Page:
It turns out that most (if not all) of the light reflected from the surface has a pronounced polarization. We have to put on sunglasses with a vertical polarizing filter and thereby cut out the glare.

The same glasses will allow you to look under the surface of the water.

Why Use Polarizing Filter?

All this is also true for a polarizing filter. The main difference is that you can set the direction of polarization due to the variable plane of rotation.

2. Circular Polarization

In addition to linear polarization, there is another type of polarization – circular. Here are two waves vibrating in planes perpendicular to each other. In the case when they oscillate in one phase, their real vector is directed diagonally. That is, we get linearly polarized light again.

Circular Polarization

But if you shift the horizontal wave by 1/4 phase, the total vector of the two waves will rotate clockwise or counterclockwise. Polarization will not be directed in one direction all the time; it will be circular.

Circular Polarization

To understand how a circular polarizing filter works in practice, you need to accept that linearly polarized light does not consist of one electric wave but the vector of the sum of two perpendicularly oscillating waves in the picture above. The filter consists of a linear polarizer and a unique material that slows down one polarized light component by 1/4 phase.

So, why all these troubles with circular polarization when there is linear polarization?

The thing is that the electronics of modern cameras cannot adequately work with linearly polarized light: possible metering and focusing errors. Circularly polarized light does not have this problem because it behaves like normal, natural light.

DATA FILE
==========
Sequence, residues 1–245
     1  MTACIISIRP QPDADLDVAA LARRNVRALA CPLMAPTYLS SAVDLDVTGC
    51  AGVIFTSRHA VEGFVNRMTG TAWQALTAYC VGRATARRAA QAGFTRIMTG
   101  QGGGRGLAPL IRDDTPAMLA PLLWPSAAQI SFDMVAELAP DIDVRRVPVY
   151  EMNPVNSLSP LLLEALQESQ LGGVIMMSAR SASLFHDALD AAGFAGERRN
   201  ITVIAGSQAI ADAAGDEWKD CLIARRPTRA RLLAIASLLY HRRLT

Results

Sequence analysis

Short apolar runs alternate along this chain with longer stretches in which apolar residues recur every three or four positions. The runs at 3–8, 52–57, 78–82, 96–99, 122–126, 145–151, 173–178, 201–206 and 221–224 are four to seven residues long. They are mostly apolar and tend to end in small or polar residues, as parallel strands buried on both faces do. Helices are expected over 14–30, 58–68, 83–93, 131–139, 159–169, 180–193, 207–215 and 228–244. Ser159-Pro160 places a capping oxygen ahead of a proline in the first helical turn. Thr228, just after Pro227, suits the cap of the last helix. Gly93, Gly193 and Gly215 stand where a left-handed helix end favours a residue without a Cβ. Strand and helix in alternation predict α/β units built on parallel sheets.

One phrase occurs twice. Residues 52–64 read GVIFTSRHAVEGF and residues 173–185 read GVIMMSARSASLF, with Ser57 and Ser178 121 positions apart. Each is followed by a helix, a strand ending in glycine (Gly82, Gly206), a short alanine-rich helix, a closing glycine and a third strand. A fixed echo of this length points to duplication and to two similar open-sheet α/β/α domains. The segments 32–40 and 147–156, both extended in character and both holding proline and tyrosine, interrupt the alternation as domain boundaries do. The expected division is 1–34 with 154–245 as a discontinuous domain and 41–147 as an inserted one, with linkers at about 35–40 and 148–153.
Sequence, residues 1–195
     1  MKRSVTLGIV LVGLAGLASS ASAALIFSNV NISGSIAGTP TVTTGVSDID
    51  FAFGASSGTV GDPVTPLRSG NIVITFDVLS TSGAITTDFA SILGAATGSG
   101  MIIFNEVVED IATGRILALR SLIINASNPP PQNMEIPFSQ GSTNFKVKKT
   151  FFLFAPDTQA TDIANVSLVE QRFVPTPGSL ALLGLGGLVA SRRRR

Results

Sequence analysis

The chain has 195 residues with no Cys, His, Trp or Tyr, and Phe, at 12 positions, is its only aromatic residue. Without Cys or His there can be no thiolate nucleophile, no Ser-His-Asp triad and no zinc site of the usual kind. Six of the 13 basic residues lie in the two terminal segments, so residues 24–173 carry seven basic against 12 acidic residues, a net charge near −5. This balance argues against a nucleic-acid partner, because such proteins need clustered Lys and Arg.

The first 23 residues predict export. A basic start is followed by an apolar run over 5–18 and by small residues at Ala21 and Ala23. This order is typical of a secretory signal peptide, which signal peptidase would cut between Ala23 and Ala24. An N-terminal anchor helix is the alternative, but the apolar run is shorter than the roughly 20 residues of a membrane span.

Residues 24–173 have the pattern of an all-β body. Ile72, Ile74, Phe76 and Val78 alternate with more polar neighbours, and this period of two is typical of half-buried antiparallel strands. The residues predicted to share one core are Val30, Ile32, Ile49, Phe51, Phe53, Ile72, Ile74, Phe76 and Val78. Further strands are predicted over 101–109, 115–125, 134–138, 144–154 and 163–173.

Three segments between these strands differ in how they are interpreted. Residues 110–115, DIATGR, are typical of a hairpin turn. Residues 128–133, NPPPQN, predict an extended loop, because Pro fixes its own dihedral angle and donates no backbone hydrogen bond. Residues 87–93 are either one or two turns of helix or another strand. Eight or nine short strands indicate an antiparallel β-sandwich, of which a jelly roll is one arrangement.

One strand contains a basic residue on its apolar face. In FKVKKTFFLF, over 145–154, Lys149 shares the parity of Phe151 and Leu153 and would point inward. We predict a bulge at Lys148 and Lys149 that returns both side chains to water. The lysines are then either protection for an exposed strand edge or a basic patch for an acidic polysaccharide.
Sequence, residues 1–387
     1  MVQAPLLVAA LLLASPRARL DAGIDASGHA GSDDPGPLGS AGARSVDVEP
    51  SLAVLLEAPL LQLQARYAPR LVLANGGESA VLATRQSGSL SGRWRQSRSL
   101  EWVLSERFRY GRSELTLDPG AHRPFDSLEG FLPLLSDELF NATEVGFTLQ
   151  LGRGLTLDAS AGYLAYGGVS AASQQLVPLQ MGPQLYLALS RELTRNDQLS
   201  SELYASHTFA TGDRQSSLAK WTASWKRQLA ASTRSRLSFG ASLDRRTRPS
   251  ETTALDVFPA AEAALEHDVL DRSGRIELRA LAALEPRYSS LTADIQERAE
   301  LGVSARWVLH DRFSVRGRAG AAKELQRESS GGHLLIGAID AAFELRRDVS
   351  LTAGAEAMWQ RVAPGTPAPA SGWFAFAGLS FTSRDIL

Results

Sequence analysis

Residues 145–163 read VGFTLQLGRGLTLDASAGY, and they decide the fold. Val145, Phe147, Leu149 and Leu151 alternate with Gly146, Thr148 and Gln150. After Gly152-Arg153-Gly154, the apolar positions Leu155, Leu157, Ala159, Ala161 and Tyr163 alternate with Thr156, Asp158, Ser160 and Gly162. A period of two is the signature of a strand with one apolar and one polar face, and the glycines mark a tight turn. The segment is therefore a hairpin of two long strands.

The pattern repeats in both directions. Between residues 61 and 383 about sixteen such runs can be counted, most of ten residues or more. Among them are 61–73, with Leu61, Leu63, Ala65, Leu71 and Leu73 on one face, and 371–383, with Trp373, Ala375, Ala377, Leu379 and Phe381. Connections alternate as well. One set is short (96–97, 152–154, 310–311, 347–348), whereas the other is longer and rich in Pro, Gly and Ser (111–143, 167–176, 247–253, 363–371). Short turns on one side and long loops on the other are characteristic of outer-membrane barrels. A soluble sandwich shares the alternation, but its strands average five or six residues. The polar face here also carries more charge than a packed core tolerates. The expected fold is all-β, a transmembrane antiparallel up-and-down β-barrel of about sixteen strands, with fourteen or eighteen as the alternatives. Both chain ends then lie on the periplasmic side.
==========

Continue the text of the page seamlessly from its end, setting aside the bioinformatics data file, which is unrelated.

You may also like to read: CPL Filter: An Ultimate Guide about CPL Filters.

Using the Polarizing Filters On the Camera

As I wrote in the beginning, the polarizing filter makes the photo’s colors more saturated and eliminates the glare. Increased saturation and contrast are useful when shooting landscapes.

Using the Polarizing Filter On the Camera
Right Photo is Taken With Polarizing Filters

The left picture was taken without a polarizing filter. The right one is with that. The second image clearly shows the increased overall image contrast and the increased detail in the clouds. Due to the filter clipping part of the light, the bottom photo was taken at a slower shutter speed than the top one: 1/125 second versus 1/250. ISO and aperture settings are the same.

Sometimes a similar effect can be achieved with processing (often spending more time on it), but what you definitely won’t be able to achieve is getting rid of glare and reflections. Using the polarizing filter on the right photo helped to remove most of the glare from the windows. It can be damn useful when you need to shoot through the glass, but the reflections fail to catch anything.

Using the Polarizing Filter On the Camera

The same effect is observed with reflections on the water surface. The photo on the right was taken with a 58mm polarizing filter (link here).

Of course, sometimes, a polarizing filter can make a photo worse by its effect. For example, when you need to keep haze in the atmosphere or leave reflections. It all depends on how you want to dispose of it in your hands. And don’t forget that the polarizing filter always darkens the image a little.